Directed by the team of Don Hall (Big Hero 6, Moana), Carlos López Estrada, Paul Briggs and John Ripa, Raya and the Last Dragon is a 2021 Disney animation film, and the 59th overall film produced by the studio. In the fictional South East Asian country of Kumandra, dragons used to coexist alongside humans, until evil spirits known as the Druun appear and wreaked havoc across the world. Raya (Kelly Marie Tran) must travel across the broken world to recover the shards of ancient Dragon magic in an effort to stop the Druun, who are rampaging once more, and bring peace to the land. Raya is joined by various allies along the way, including Sisu (Awkwafina), the titular last dragon.
+ the voice cast is full of recognisable and unique voice work, with Tran, Awkwafina and Daniel Dae Kim as Raya’s father the clear standouts. The back and forth between Tran and Awkwafina feels realistic, and the more emotional moments hit harder because of it
+ overall, the film has a relatively basic story (which had some shades of Dragon Ball in it). Like all Disney films, there are elements of wanting to protect/resurrect/find long lost parents, but at least here it only as a by product of saving the world. There are some feel good lessons not so deep under the surface, but don’t expect the plot to blow your mind
+ the movie looks great, but frankly all Disney animations do these days. The hair on Sisu, especially when she is swimming/flying are impressive, as is the sand and dust particles throw around during the fight scene. The antagonistic Druun are more like beings of energy, and as such their forms are visually imposing
– there are a few frustrating characterisations which mostly boil down to this being a movie for kids. I found Sisu to be incredibly annoying, far beyond just that of a goofy sidekick, and would have dumped her on the side of the road nearly immediately. All throughout, the idea is championed of trusting people, or at least giving them the benefit of the doubt, but frankly the main target of this does NOTHING to deserve it, and the way it’s all wrapped up left a lot to be desired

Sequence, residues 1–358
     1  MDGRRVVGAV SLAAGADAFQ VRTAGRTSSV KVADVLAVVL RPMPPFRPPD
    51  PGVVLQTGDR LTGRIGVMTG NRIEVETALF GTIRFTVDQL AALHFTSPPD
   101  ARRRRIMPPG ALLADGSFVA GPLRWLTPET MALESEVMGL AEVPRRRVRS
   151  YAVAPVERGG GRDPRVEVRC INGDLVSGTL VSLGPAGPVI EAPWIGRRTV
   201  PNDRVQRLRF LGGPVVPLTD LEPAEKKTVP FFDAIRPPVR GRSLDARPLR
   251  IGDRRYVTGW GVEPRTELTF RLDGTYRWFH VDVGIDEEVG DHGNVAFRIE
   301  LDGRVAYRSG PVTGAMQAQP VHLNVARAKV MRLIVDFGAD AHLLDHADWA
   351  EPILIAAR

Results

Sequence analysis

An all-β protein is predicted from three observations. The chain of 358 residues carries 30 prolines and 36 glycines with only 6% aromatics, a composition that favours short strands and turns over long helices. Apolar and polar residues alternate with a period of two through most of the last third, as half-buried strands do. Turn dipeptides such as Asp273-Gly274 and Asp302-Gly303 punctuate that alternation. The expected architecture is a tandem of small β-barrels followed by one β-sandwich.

– I had some issued with the pacing, including starting with a voiceover in media res, and then a fifteen minute flashback/exposition dump, and then the movie proper. It felt clunky, and I don’t know why it didn’t just start at the chronological beginning
> these female-led Disney animation films always seem to involve water: the dam explosion in Tangled; everything about Moana, obviously; crossing the sea in Frozen II (and arguably everything about Elsa’s powers in general) – is there some symbolism I’m missing? Do women not like water?
> according to the credits, much of this movie was done by people from their own homes. If that extends to things like editing and direction, then good on them. They nailed it
Should you see this film: Overall, I enjoyed this. I won’t pretend it is some ground-breaking, game-changing Disney offering, but the animation is gorgeous, the voice work is really good and from start to finish it was an easy watch.